Oracle allows arithmetic **operators** to be used while viewing records from a table or while performing Data Manipulation operations such as insert, update and delete. You can use an arithmetic operator with one or two arguments to negate, add, subtract, multiply and divide numeric values. Some of these **operators** are also used in date time and interval arithmetic. The arguments to the **operators** must resolve to numeric data types or to any data types that can be implicitly converted to a numeric data types. Unary arithmetic **operators** return the same data type as the numeric data type of the arguments. For binary arithmetic **operators**, Oracle determines the arguments with the highest numeric precedence, implicitly converts the remaining arguments to that data type, and return that data type.

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The typical approach for efficient **convolution** uses Fast Fourier Transforms (FFTs). While such implementations can be extremely efficient, there comes a limit where the increase in the number of points resulting from establishing a uniform grid – whether it is 10,000 or 100 million – outweighs the efficiency of the algorithm. While algorithms have been developed that utilize multiple grid/sampling rate resolutions [1], this is not a uniformly practical approach when working with measured data where there are potentially few, if any, portions of data that share a common spacing of RV values, or where algorithmically finding an appropriate grid might be more computationally intensive than doing the **convolution** calculation itself.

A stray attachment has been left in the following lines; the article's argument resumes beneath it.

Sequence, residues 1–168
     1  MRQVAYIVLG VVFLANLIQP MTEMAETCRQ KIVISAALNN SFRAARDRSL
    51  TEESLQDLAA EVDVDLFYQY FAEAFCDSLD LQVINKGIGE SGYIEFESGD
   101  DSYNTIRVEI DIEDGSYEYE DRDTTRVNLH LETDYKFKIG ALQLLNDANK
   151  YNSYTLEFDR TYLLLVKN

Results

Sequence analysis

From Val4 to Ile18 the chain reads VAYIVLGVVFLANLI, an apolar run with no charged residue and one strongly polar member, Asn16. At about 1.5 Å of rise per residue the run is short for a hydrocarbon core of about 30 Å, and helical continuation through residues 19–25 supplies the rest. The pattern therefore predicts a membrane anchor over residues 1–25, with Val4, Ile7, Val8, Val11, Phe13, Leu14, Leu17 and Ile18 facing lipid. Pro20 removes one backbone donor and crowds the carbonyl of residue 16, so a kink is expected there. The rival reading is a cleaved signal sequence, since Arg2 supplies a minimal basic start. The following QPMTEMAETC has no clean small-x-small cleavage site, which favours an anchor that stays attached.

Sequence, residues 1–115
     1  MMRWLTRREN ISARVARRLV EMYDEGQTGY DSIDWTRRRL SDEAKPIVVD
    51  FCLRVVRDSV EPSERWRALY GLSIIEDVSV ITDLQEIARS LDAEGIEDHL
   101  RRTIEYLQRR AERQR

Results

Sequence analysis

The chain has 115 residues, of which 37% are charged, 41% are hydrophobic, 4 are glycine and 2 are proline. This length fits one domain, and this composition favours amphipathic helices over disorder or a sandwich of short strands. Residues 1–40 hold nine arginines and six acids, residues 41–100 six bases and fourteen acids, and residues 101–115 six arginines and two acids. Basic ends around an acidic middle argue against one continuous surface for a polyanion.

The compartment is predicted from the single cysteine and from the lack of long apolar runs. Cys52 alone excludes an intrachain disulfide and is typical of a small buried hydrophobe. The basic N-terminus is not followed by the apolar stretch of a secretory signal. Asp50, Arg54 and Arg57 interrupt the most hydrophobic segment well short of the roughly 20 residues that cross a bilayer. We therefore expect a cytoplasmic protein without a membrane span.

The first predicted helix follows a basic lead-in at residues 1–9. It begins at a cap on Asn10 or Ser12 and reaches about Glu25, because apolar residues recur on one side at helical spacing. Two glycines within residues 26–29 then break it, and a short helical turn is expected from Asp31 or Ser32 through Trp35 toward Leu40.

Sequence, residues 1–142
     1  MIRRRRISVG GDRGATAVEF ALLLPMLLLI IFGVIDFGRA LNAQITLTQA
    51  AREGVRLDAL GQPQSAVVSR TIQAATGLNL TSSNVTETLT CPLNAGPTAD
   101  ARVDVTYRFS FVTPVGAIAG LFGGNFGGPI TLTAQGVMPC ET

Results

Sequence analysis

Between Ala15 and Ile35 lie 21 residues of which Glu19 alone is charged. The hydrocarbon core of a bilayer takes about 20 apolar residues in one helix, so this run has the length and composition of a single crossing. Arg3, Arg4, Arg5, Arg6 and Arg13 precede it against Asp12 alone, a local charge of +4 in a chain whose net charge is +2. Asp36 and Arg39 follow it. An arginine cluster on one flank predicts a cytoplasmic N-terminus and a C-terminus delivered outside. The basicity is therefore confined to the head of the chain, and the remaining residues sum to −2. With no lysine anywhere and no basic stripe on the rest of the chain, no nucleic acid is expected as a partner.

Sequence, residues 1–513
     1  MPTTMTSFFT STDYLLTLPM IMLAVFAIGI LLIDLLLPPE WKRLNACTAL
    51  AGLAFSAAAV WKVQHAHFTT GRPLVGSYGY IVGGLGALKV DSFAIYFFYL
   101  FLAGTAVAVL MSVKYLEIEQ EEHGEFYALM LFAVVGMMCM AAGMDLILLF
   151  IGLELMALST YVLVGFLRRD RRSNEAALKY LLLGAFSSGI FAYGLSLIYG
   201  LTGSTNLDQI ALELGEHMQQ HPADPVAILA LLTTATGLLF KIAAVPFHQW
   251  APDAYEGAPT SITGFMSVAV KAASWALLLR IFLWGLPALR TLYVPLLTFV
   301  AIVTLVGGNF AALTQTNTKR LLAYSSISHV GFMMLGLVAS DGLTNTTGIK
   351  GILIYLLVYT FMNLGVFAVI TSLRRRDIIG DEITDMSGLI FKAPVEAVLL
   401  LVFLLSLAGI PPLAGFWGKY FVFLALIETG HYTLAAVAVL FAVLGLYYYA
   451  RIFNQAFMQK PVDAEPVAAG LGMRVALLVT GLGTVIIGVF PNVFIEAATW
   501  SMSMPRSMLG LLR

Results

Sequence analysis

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One of the most difficult parts after finding a pattern was finding a way to prove what I had found. The book I had been looking at worked with the column generating functions[KOS14]. Then I came across a journal article from Hoggat and Bicknell that found the **convolution** triangles in row generating functions[HB72]. Hoggat and Bicknell proved their finding in a different way, however, I believe I have made the process more simple. Let us start with a brief explanation of what we need in order to find the terms themselves. We need a way to write the rows so that we can find the individual terms. The way Hoggat and Bicknel[HB72] found it was through the function g(x) = (1−x) 1 n .